Food trucks shut out from GWorld

For months, GW has been turning away food trucks that have tried to add GWorld machines to attract student customers.

Nearly a dozen trucks, like CapMac, Tasty Kabob, AZN Eats, Sauca and Best Mexican Burritos and Tortas said they want to accept GWorld payments, but the University does not offer trucks that option, hindering their business.

Matt Gray, owner and co-founder of Amorini Panini, said GW turned down his sandwich shop’s truck last spring. He applied again this week, looking to draw students to his shop on the corner of 9th and F streets by becoming a Colonial Cash vendor. He said he plans to add a GWorld machine to his truck, which frequents H Street.

“I would really love to offer GWorld,” Gray said.

The Lebanese truck Kababji D.C. added a GWorld machine to its truck last May after manager Reginald Cooper found a loophole in the system. Because his Dupont Circle shop, Kababji Grill, is a Colonial Cash partner, he was able to purchase an additional machine for his truck.

But not all of the dozens of food trucks that line H Street started as brick-and-mortar shops, and these mobile eateries have called on GW to expand its Colonial Cash partnerships.

“We receive constant requests about the GWorld card,” Ivan Miller, owner of the ice cream truck The Orange Cow, said. “Opening up the ability to accept the GWorld Card beyond brick-and-mortar establishments would be a win-win for all.”

Brian Arnoff, owner of CapMac, said he wanted to add GWorld to make payments easier for students, but knows the University does not offer the card readers to food trucks. He said he was interested when former Student Association president John Richardson approached him last year about lobbying the University to add food trucks to GWorld.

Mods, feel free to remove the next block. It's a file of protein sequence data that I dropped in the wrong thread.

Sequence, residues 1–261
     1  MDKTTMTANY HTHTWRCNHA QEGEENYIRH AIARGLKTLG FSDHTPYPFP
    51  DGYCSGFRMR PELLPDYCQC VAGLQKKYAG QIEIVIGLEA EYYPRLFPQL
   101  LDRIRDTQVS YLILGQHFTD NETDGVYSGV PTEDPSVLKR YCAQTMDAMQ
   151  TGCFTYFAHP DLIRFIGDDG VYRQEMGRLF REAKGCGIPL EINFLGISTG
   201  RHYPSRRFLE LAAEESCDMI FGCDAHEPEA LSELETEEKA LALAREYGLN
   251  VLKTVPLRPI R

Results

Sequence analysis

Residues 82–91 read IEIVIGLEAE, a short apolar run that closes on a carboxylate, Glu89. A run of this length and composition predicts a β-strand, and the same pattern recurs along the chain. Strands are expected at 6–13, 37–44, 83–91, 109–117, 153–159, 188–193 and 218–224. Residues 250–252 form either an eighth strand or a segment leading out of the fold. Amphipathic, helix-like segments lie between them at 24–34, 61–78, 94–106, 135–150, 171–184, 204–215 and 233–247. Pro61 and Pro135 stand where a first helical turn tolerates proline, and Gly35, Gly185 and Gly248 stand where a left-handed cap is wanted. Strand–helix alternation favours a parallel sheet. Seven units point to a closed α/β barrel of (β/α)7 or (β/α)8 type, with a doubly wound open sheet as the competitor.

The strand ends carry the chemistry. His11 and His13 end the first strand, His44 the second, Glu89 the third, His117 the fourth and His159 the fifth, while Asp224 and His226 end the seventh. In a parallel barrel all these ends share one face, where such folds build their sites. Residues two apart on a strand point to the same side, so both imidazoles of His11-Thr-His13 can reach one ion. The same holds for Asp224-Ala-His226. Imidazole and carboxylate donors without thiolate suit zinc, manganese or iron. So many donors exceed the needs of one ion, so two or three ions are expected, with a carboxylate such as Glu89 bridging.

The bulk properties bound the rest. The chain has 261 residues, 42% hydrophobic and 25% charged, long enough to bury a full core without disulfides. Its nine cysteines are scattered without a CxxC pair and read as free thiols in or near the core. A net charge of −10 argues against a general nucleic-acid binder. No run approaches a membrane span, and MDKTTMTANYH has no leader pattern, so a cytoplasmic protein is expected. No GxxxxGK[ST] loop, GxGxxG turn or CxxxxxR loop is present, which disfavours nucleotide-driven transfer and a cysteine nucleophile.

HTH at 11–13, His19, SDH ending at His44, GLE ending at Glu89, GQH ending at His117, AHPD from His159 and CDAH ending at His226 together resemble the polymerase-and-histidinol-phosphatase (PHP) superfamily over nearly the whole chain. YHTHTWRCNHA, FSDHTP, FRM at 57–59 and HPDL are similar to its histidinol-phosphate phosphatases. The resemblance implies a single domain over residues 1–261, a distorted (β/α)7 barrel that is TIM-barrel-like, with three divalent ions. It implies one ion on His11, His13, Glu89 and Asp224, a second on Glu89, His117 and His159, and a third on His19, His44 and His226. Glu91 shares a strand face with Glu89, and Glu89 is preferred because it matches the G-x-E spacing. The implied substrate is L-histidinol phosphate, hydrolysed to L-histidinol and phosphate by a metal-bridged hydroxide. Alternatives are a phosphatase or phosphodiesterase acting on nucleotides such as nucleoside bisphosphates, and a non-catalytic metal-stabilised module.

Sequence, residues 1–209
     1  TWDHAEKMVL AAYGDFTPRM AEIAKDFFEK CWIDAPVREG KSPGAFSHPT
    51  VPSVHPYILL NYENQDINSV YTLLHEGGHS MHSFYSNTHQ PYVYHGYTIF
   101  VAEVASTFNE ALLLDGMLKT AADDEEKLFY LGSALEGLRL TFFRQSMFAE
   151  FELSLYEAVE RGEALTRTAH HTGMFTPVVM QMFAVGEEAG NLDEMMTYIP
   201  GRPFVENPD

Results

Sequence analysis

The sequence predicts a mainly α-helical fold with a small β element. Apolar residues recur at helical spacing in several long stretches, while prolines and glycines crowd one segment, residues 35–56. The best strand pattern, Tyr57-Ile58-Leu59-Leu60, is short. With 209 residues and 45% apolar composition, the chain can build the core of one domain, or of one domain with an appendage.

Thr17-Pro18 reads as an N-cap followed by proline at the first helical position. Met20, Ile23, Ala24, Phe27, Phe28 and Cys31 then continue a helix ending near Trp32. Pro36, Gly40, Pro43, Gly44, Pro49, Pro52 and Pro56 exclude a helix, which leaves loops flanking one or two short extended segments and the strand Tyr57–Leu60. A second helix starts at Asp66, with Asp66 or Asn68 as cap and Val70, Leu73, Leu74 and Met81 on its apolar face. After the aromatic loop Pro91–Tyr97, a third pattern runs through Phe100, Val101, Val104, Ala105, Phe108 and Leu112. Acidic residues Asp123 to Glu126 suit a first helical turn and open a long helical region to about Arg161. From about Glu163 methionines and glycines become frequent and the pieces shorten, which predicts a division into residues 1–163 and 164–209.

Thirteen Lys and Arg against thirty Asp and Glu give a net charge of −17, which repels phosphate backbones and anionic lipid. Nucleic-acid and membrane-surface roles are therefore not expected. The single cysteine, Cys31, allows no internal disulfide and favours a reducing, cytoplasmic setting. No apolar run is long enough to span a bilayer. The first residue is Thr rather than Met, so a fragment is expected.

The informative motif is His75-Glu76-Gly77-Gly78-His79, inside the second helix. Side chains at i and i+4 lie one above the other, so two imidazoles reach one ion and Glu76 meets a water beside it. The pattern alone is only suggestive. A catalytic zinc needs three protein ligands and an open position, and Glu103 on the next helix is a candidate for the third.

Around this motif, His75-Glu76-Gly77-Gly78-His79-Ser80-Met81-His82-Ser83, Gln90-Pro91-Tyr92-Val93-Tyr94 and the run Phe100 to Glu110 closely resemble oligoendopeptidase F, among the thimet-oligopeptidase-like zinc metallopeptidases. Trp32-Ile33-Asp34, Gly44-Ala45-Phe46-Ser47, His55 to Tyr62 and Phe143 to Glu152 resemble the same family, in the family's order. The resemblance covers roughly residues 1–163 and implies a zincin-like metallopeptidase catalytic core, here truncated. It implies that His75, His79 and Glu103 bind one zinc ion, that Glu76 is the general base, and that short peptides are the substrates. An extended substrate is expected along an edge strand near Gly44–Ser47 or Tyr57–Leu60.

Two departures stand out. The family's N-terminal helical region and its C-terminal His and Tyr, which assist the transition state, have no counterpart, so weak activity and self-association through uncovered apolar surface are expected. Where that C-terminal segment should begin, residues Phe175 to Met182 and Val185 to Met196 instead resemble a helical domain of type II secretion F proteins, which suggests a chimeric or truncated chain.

“I replied [to Richardson’s email], but they never got back to me,” Arnoff said, adding that he has not applied to be a Colonial Cash partner, because he knows the policy has not changed.

Richardson said his campaign to add GWorld to food trucks last spring looked promising, because the card office was initially receptive. At the end of the year, he said he thought it was “a done deal,” adding that the process must have been halted by a rule similar to the GWorld requirement that vendors are based in D.C.

University spokeswoman Michelle Sherrard declined to provide the number of food trucks that have requested to apply to the Colonial Cash plan.

“The University is reviewing the possibility of adding food trucks to the GWorld program. Details are not yet finalized,” Sherrard said. “We would evaluate food trucks becoming members of the GWorld program through the same process we have used in previous years with other merchants who have requested to join the program.”

Freshmen, sophomores and juniors who live on campus have $1,000 pre-loaded onto their GWorlds, with on-campus seniors receiving $500 a semester on their cards.

There are 111 Colonial Cash partners across D.C.

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